Wednesday, September 29, 2004

UC pass rush fueled by Cole


Defensive end climbs career list for sacks and tackles for loss

By Bill Koch
Enquirer staff writer

In the hyped-up parlance of football, players like University of Cincinnati defensive end Trent Cole are considered "high-energy" or "high-motor" players.

They're the guys who play so hard all the time that it seems as if they never get tired.

Cole is here to tell you that's not true. "Sometimes I do get tired," he said.

cole But that doesn't help much if you're the offensive tackle assigned to keep him away from your quarterback, because Cole has a sure-fire method for reinvigorating himself. He simply gets into his stance, places his hand on the turf and gets ready for the next play.

"When I put my hand down, all that tiredness, it's not there anymore," Cole said. "I don't know what it is. It's just something I have that I'm not tired. When I put my hand on the field, I'm ready to go and I'm focused on that quarterback. I forget all about that tiredness and keep going and going."

Cole, a 6-foot-4, 260-pound senior, is the heart of the UC defense. A first-team all-Conference USA selection last year, his nickname is Scrap Iron because of his chiseled physique. He carries less than 7 percent body fat.

"He's very, very powerful, very quick and athletic," UC coach Mark Dantonio said.

Cole's three sacks in UC's win over East Carolina Saturday - one for a safety - lifted him into eighth place on the school's career list, with 13. He ranks fifth in career tackles for loss with 37.5.

It's hard to measure, but on a team with the most prolific quarterback in the school's history, Cole is probably the Bearcats' best player.

"He may be," Dantonio said. "That's a pretty strong statement with Gino (Guidugli) at quarterback and with our running backs. We have a lot of guys who we can't afford to lose, but Trent is a difference maker on defense. He comes to play. That's contagious."

Cole has always been in constant motion on the field. At Xenia High School, he played running back, rushing for 1,241 yards and 10 touchdowns as a senior. On defense, he played linebacker and defensive end. He also played on special teams. "I never came off the field," he said.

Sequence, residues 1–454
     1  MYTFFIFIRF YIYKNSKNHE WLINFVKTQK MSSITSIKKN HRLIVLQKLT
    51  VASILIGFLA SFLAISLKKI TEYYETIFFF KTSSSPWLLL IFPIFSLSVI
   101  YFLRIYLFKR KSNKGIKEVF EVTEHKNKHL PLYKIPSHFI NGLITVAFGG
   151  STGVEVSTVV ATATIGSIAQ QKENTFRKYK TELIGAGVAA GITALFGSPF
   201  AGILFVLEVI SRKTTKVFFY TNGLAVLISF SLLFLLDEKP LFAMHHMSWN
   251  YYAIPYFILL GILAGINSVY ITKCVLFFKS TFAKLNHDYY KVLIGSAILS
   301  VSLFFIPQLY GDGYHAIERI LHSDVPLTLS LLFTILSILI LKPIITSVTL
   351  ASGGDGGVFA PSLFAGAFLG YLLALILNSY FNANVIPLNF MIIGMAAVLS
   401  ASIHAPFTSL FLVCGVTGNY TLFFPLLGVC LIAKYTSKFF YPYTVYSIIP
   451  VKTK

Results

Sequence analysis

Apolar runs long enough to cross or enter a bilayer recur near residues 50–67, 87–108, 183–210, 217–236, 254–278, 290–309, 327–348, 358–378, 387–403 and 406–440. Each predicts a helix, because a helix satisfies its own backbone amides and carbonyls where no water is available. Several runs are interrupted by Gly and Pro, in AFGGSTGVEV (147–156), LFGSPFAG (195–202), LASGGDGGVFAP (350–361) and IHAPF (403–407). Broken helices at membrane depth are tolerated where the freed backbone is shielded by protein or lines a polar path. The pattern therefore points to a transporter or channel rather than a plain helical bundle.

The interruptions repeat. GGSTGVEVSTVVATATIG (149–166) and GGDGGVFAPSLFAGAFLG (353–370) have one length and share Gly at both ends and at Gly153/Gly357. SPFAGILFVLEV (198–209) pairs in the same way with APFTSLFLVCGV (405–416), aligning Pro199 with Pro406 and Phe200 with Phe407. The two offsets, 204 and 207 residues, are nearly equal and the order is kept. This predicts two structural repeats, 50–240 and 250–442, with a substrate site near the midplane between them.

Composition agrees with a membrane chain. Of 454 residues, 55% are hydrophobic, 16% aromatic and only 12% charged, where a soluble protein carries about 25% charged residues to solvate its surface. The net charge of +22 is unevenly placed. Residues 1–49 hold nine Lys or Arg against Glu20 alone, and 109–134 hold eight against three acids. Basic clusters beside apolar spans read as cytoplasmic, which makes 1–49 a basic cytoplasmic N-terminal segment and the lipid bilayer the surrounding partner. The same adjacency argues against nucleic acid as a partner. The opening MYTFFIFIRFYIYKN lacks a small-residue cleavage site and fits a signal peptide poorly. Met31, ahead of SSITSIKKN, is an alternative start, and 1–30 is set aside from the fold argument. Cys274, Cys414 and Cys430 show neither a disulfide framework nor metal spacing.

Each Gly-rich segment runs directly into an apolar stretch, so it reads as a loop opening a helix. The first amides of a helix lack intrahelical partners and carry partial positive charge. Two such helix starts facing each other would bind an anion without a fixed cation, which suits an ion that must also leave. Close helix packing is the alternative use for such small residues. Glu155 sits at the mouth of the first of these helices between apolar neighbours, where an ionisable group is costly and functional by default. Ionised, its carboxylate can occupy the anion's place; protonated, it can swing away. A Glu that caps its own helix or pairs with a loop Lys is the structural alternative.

As a sophomore at UC, he played primarily defensive tackle, but after defensive end Antwan Peek - the Bearcats' career sacks leader with 27 - completed his career in 2002, Cole was moved to Peek's position.

If it appears that Cole plays the same way Peek did, it's not a coincidence.

"That was somebody I always looked up to," Cole said. "People used to get on me about it. I learned all my moves off him. I loved how he played, so I tried to take after what he was doing because he was being successful. Look where it got him. He's in the NFL (Houston Texans), living a dream. I want to live the dream some day."

A country boy at heart, Cole loves to hunt and fish and spend time outdoors. He's also a big fan of country music, the mention of which makes him laugh, almost as if he's embarrassed by it.

"Yeah, I like country music," he says. "I'm a black guy. You don't see that coming from guys like me. But that's something I love to do. People can think whatever they want to think about me. I'm black and I hunt, but I love what I do, and nobody's going to change me."

What he stalks most seriously is opposing quarterbacks, and he's so good at it that Dantonio says he has an excellent chance to join Peek in the NFL next season.

Or he might return to UC for another year.

Cole was academically ineligible to play as a freshman. He's scheduled to graduate with a degree in criminal justice this spring or summer, and if he does, he can regain that lost year of eligibility. But that's not likely if he gets drafted next spring.

"I want to stay," he said, "then again I want to go. It all depends on what happens this season. I want to get my degree. My whole family, they all got their degrees. That's something big. It will help you in life. Once you got that, nobody can take it from you."

---

E-mail bkoch@enquirer.com




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